In the experiment 1, sixteen two-month old male Wistar rats were used, and in the experiment 2, twenty-four two-month old male Wistar rats (all from the breeding colony at the CIMH, Mannheim, Germany) were used. All animals were housed individually in standard rat cages (Eurostandard Type III; Ehret, Emmendingen, Germany) under an artificial 12 h/12 h light/dark cycle (lights on at 7 a.m.). Room temperature was kept constant (temperature: 23 ± 1°C, humidity: 55 ± 5%). Standard laboratory rat food (Ssniff, Soest, Germany) and tap water were provided ad libitum throughout the experiment. Rat body weights were measured weekly. All experiments were conducted in accordance with the ethical guidelines for the care and use of laboratory animals, and were approved by the local animal care committee (Regierungspräsidium Karlsruhe, Germany).
Alcohol drinking solutions were prepared from 96% ethanol (Sigma-Aldrich, Germany) and then diluted with tap water. Nalmefene (Lundbeck, Denmark) was dissolved in 0.9% saline. The solution was freshly prepared and injected as a volume of 1 ml/kg subcutaneously (s.c.). Control experiments were performed following administration of saline.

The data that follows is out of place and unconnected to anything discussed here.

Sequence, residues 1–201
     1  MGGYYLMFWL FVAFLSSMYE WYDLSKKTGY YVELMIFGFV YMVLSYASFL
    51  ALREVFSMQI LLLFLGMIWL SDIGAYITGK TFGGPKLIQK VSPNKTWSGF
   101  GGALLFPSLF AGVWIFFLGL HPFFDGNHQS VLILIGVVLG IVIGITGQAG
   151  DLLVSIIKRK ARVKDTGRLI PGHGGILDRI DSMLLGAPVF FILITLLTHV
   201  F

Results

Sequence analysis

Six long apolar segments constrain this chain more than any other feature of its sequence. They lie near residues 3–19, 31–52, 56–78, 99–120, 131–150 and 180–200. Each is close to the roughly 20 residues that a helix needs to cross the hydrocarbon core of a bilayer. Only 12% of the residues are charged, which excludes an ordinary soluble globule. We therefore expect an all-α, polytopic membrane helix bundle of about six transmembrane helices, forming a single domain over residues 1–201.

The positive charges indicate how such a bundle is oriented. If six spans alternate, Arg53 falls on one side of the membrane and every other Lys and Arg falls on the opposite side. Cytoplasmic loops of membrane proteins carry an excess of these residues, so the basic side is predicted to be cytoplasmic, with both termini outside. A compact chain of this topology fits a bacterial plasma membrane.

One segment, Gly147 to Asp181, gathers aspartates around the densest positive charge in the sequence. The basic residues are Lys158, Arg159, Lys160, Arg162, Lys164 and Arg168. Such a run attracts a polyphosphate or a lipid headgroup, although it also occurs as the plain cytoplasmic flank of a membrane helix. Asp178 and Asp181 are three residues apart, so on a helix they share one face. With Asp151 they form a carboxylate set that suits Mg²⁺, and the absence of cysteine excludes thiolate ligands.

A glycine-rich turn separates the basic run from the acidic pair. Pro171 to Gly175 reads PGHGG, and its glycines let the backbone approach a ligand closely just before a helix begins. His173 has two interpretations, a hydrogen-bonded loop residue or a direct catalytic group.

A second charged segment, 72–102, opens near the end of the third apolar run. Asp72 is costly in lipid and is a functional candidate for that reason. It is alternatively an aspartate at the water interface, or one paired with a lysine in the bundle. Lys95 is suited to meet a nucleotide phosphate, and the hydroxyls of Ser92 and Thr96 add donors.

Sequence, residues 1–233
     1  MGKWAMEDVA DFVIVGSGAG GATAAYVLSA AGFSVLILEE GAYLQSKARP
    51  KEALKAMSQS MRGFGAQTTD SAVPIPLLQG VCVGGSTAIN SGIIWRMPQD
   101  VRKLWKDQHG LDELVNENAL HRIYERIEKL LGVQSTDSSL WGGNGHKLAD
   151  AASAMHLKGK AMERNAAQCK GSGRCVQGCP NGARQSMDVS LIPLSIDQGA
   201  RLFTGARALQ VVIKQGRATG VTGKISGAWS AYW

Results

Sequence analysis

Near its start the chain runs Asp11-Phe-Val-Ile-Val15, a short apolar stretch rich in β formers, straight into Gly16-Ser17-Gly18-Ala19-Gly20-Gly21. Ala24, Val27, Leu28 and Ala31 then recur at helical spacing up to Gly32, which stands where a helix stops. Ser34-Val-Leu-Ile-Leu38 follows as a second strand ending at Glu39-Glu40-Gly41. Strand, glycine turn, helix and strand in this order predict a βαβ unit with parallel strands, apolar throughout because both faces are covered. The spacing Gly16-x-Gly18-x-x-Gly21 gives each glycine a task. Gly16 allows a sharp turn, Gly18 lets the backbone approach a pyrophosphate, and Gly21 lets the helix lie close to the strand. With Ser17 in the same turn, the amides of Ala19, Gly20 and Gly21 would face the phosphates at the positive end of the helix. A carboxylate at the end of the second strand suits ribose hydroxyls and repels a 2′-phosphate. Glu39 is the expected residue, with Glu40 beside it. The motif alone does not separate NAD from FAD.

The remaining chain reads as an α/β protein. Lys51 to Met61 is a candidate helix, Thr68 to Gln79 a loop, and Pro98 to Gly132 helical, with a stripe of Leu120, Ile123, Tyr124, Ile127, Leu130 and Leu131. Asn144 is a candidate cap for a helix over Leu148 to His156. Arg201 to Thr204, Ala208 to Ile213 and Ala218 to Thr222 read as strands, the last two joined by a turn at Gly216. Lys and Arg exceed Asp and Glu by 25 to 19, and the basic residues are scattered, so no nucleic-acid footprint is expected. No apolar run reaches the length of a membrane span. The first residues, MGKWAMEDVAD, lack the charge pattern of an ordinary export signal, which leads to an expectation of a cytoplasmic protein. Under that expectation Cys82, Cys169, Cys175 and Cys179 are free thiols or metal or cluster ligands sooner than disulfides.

The experiments were performed using a computer-monitored Drinkometer system (TSE Systems, Bad Homburg, Germany), which enables continuous long-term monitoring of liquid consumption by amount and time in a standard rat home cage (Eurostandard Type III). The system is equipped with four drinking stations to allow liquid choice. Each drinking station consists of a glass vessel containing the liquid and a high precision sensor for weighing the amount of liquid removed from the glass vessel. Spillage and evaporation are minimized by using special bottle caps. The whole system is mounted to a custom-made free-swinging steel frame in order to avoid any environmental disturbances (see also Vengeliene et al., 2013). The weight of each vessel is measured in 200 ms steps and saved in 1 s steps, and ultra-high resolution changes in volume are detected down to 0.01 g. For experiment 1, the weight of drinking vessels was recorded in 5-min intervals, and for experiment 2, the sampling interval was set at 1-min, giving per minute values of solutions consumed.